In addition, Lenin stressed that his support for national self-determination “implies exclusively the right to independence in the political sense.” (CW 22:146) In 1913, he stated, “Fight against all national oppression? Yes, certainly. Fight for any kind of national development, for ‘national culture’ in general? Certainly not.” (CW 20:35) Lenin is sometimes quoted as being opposed to federalism as a form of state, although he also endorsed federation as a stepping stone to democratic integration of nations. (CW 22:146)

Such pre-1917 positions are sometimes applied today in order to justify opposition to the demands of national liberation movements. But they should be interpreted in the light of the way the Bolshevik position was applied in the decisive test of revolution.

The indigenous peoples of tsarist Russia

The oppressed peoples that made up the majority of the pre-1917 tsarist empire can be broadly divided into two categories.

On the western and southern margins of the empire lived many peoples—among them the Finns, Poles, Ukrainians, and Armenians—that met all of Stalin’s objective criteria of nationality. As nations, they possessed clearly defined historical and cultural traditions. It was these peoples that the pre-1917 Bolsheviks had chiefly in mind when they discussed the national question.

But there were also many peoples in Russia—in the Crimea, on the Volga, in the Caucasus, and in central and northeast Asia—that had been subjected to settler-based colonization similar to that experienced by the Palestinians, the Blacks of South Africa, and—in much more extreme form—the indigenous peoples of the Americas. These subjects of the Russian tsar, whom the Bolsheviks often spoke of as Russia’s “Eastern peoples,” had seen their lands seized, their livelihood destroyed, and their language and culture suppressed. They had suffered discrimination and exclusion from the dominant society.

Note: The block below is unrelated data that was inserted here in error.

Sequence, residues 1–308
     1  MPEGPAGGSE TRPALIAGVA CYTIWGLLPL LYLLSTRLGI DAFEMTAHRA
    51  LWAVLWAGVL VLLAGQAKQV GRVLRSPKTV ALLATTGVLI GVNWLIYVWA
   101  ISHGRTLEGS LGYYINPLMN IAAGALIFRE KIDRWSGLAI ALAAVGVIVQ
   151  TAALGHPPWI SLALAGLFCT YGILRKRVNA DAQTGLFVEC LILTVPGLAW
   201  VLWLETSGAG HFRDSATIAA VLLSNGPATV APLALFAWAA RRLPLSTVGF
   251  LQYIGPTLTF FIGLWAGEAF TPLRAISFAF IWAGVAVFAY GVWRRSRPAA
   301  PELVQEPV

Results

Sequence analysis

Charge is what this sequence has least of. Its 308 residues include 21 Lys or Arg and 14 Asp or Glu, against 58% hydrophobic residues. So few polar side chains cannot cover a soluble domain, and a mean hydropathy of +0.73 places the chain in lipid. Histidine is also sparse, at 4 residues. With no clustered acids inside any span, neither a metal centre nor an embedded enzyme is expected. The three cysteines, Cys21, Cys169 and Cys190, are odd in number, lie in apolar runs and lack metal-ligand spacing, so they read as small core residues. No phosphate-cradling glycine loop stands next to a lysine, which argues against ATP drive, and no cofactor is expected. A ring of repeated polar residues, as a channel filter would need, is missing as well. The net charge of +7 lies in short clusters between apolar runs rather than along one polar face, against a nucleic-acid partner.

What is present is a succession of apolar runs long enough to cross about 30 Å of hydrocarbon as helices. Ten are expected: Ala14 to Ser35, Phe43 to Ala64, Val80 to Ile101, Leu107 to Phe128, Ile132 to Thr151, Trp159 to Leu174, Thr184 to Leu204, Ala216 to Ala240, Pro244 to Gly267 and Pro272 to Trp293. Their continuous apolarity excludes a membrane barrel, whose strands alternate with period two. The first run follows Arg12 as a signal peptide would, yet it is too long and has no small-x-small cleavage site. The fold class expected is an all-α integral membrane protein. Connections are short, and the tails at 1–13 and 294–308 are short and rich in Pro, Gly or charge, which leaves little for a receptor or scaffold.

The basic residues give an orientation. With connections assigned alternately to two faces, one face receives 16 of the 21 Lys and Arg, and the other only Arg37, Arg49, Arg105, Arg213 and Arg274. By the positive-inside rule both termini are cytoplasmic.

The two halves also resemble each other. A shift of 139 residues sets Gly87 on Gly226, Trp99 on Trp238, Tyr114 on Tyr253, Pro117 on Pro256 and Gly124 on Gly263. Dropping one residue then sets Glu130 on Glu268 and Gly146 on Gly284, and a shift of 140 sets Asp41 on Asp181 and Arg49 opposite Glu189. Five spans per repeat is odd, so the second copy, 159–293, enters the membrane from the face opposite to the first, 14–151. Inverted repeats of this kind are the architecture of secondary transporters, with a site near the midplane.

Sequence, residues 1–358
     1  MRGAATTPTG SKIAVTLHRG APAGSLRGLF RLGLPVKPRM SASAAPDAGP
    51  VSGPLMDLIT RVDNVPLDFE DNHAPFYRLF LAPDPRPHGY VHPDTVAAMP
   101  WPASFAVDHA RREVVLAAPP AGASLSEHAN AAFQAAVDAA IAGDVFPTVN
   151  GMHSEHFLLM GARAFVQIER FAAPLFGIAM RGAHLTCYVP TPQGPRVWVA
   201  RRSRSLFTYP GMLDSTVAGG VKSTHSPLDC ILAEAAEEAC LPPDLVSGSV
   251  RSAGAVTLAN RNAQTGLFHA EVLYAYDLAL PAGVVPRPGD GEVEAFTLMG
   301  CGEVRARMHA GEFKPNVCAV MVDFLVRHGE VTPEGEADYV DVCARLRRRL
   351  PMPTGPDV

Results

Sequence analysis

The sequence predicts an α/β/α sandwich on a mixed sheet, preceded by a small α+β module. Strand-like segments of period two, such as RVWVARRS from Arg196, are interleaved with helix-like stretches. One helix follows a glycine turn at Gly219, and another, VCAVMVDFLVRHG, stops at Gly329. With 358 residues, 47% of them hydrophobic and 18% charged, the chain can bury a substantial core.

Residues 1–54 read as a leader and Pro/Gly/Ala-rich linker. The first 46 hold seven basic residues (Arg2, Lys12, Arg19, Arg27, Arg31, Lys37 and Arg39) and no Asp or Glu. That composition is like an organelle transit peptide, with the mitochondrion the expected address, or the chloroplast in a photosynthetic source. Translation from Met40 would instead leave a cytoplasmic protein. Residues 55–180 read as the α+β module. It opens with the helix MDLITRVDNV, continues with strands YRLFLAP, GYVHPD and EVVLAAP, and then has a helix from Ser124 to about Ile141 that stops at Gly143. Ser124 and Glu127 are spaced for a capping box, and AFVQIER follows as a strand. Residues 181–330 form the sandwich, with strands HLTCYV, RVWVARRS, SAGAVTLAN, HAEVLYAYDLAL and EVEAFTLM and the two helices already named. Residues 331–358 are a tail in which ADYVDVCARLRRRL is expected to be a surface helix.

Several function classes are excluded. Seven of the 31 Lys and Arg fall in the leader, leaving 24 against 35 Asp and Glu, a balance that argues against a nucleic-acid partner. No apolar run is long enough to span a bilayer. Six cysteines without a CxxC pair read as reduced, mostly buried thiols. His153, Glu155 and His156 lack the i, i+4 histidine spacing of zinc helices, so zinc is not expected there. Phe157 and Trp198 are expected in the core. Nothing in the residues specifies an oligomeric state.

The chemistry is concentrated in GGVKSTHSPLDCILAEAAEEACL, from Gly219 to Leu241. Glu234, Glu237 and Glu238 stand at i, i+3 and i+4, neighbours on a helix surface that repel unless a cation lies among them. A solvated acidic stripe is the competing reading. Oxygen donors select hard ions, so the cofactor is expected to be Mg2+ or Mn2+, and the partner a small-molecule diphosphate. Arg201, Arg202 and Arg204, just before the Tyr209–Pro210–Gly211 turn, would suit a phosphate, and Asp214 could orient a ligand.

When revolution broke out in 1917, these peoples, although varying widely in their level of social development, had not yet emerged as nationalities. The evolution of written national languages, cultures, and consciousness as distinct peoples was at an early stage. Most identified themselves primarily as Muslims. Assessed by Stalin’s criteria for nationhood, they did not make the grade. But in the crucible of revolution, national consciousness began to assert itself, provoking and stimulating demands for cultural autonomy, self-rule, and even national independence.

This fact itself is worth pondering. A revolution is, in Lenin’s phrase, a festival of the oppressed. Peoples long ground down into inarticulateness suddenly find inspiration, assert their identity, and cry out their grievances. We cannot predict the shape of freedom struggles that will emerge in a revolutionary upsurge.